If you’re benchmarking to a major stock market index like the S&P 500, then it helps to know the context of your industry weighting compared to the index. It helps explain your portfolio’s relative performance, and can create a “heat check” to how your portfolio is balanced and how it might react to an upcoming economic cycle.
Before evaluating the historical industry weights for the S&P 500 and how they relate to your own portfolio, it’s key to define the industries and their relation to the economic (super) cycle.
There’s many financial websites online which report industries and sectors, but since these categories aren’t standardized, they can be defined differently or named in a similar but different way.
Some examples of the industries (sectors) as I see them on most financial websites (like Finviz):
- Basic Materials
- Consumer Cyclical / Consumer Discretionary
- Communication Services
- Technology / Information Technology (IT)
- Financial / Financial Services
- Consumer Defensive / Non-cyclical
- Real Estate
Keep in mind that industry or sector categorization, and thus industry weights for the S&P 500 and other indexes, aren’t always completely accurate or representative for companies.
A company can be a conglomerate and have business segments which sell to multiple end markets in different industries. Or a company’s product and service could technically be defined as two different things—a good example is Google, which is defined as Communication Services due to the advertising driven nature of its business, but it’s also undoubtedly a technology company too.
It’s also key to define cyclical and non-cyclical, and how that can affect investment results. In general, cyclical or non-cyclical stocks perform in the following ways:
Cyclical stocks: Perform strongly during strong economic growth, and poorly during economic contractions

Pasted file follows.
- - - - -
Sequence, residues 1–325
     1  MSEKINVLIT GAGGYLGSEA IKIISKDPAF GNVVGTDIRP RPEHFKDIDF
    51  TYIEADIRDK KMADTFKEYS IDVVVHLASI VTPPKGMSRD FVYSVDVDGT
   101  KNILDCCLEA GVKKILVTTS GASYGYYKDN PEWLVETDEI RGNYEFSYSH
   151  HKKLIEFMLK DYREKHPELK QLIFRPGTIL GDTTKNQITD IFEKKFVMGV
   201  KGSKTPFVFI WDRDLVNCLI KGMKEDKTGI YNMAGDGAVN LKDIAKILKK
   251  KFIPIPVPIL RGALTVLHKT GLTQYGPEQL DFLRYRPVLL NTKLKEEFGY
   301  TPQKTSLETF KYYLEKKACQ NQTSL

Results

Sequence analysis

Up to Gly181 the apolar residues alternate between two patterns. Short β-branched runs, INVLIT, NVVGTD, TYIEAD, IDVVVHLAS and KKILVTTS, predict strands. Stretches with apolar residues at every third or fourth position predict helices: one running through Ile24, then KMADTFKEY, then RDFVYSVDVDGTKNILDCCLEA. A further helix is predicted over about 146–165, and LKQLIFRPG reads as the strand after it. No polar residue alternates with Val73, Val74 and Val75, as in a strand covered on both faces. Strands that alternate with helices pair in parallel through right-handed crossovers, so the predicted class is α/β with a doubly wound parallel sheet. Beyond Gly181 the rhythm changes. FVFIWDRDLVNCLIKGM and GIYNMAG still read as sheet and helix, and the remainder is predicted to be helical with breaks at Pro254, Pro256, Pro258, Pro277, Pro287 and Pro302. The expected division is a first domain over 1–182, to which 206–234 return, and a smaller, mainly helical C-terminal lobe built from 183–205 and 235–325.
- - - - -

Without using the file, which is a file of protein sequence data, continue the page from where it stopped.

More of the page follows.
Non-cyclical stocks: Perform pretty consistently regardless of broader macroeconomic conditions
An easy way to understand cyclical vs non-cyclical stocks and industries is with a Utility company. No matter what’s going on with the economy, people need electricity, and so they will generally make those payments to their electric company even if they’re unemployed.
On the flip side, a technology company like Apple will probably sell less iPhones if many people are unemployed, since the latest model isn’t a “need to have” for most people and is a more discretionary purchase that is likelier to happen if a person has strong earnings and employment.
The Tough Problem of Defining Cyclical vs Non-Cyclical Industries
Like with the trouble with identifying a company’s industry when it touches multiple end markets of an economy, industries are generally exposed to economic cycles in varying degrees—it isn’t black or white.
Defining the cyclicality of industries outside of Consumer Discretionary / Consumer Cyclical is less universal from investors and institutions, though I thought this categorization from Morningstar to be a good general representation (Cyclical, Sensitive, Defensive):
- Basic Materials
- Consumer Cyclical
- Financial Services
- Real Estate
- Consumer Defensive
- Communication Services